Positioning itself to serve accountable care organizations, McKesson agrees to buy a company specializing in medical billing and physician practice management
McKesson Corporation (NYSE:MCK) announced an agreement to acquire MED3000 of Pittsburgh, Pennsylvania, earlier this week. One aspect of this transaction will be of particular interest to anatomic pathologists and pathology practice administrators.
When it closes the sale, McKesson’s ownership of MED3000 will increase its overall national market share of pathology billing and collection contracts. Dark Daily readers may recall that McKesson and MED3000 each have a sizeable number of anatomic pathology laboratories and groups as clients for their billing and collections business divisions.
Contract Pathology Billing and Collection Services
In the case of MED3000, contract pathology billing services are handled by PSAPath, LLC, of Florence, South Carolina. PSAPath was itself acquired by MED3000 in August, 2007. PSAPath serves more than 80 independent pathology practices representing approximately 400 pathologists in 27 states. While pathology is PSAPath’s primary focus, the company also serves radiology practices.
For McKesson, pathology billing services are handled by its Revenue Management Solutions (RMS) division. Within this division is the pathology contract billing business that came to McKesson when it acquired Per-Se Technologies, Inc., for $1.8 billion in January 2007. At the time, it was believed that Per-Se was the nation’s largest provider of billing and collection services to pathology groups, when measured by the number of pathology labs and pathology groups it had as customers.
Thus, it is believed that the combined pathology billing/collections businesses will make McKesson the largest provider of such services to the anatomic pathology profession. It should be noted that both McKesson’s RMS and MED3000’s PSAPath also provide contract billing/collections services to clinical laboratory organizations across the country.
National news coverage of McKesson’s agreement to acquire MED3000 focused on how the deal will position McKesson to serve accountable care organizations (ACOs) that physicians and hospitals are developing under the Affordable Care Act. McKesson is a major player in healthcare. Based in San Francisco, California, McKesson is ranked 14th on the Fortune 500.
In purchasing MED3000, McKesson gets a range of service lines. These include physician group management and billing/revenue cycle management in all specialties. MED3000 also offers third-party administrator and other services. Its 2,700 employees serve more than 10,500 physicians in all specialties and more than 100 hospital customers.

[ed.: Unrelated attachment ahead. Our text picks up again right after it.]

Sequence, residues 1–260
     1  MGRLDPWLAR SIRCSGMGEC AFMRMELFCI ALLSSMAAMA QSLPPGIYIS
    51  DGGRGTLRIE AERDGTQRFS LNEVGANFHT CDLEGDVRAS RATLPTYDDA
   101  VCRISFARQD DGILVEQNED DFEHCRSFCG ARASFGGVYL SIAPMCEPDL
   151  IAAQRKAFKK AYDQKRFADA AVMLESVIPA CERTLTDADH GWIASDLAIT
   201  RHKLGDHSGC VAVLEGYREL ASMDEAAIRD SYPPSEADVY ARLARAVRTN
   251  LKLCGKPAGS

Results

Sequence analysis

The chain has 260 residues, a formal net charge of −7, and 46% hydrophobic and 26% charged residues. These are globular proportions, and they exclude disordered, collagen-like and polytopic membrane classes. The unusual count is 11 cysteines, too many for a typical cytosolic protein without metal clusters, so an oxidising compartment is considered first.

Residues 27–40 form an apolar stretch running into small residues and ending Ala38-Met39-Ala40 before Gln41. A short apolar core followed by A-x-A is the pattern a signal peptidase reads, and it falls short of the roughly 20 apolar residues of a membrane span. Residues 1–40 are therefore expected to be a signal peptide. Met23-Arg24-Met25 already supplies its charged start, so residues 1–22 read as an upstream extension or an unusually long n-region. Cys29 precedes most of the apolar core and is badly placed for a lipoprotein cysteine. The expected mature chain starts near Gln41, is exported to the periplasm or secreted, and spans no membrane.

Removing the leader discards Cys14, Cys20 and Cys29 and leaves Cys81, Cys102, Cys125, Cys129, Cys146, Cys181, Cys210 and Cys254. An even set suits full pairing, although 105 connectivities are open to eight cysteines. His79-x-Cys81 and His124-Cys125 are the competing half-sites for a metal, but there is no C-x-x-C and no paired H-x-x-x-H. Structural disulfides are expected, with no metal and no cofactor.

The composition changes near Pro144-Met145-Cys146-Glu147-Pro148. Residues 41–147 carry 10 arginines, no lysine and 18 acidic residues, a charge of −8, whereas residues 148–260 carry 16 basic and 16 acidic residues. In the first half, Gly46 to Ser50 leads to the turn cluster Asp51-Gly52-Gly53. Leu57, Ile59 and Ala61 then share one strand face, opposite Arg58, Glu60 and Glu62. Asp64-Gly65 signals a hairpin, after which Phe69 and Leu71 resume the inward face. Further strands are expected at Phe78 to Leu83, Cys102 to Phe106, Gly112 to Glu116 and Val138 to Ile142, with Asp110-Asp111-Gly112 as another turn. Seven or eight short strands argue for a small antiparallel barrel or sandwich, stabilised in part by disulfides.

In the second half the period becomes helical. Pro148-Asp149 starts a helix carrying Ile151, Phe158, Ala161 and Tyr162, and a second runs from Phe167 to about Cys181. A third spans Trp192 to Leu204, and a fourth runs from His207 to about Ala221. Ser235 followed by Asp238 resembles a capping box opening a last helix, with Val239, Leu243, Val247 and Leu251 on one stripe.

If they obtain regulatory clearances, the two companies expect to complete the acquisition within months. Once complete, MED3000 will complement McKesson’s medical billing and practice management service offerings in its RMS division, the company said. In this division, McKesson has 4,500 employees.
ACOs Will Spend $500 Million in Information Technology
Regarding the move to serve ACOs, McKesson has its eyes on a lucrative market sector. Dot Med News reported that the McKesson deal follows the release of survey results by Black Book Rankings. The survey estimated that newly formed ACOs will spend about $500 million on information systems in their first year. The Black Book 2012 ACO IT Yearbook also reported that McKesson and Med300 were among the approximately 40 vendors serving this market.
MED3OOO employs 2,700 employees and has been recognized by Inc. magazine on its Top 5,000 List for five years as one of the fastest growing companies in the nation. Inc. magazine said MED3000 had $155.5 million in revenue last year (ranking it 4,220th out of 5,000 companies), and a 30% growth in revenue over the previous three years. Founded in 1995, MED3000 sells practice management software and other technical services to group medical practices and hospital-employed physicians, Inc. said.
More Consolidation Expected in Healthcare
Another aspect of McKesson’s agreement to acquire MED3000 is the fact that this is one more example of consolidation within the American healthcare system. This pending acquisition is also reminder to medical laboratory managers and pathologists that eager buyers continue to look for acquisition opportunities within the clinical laboratory industry.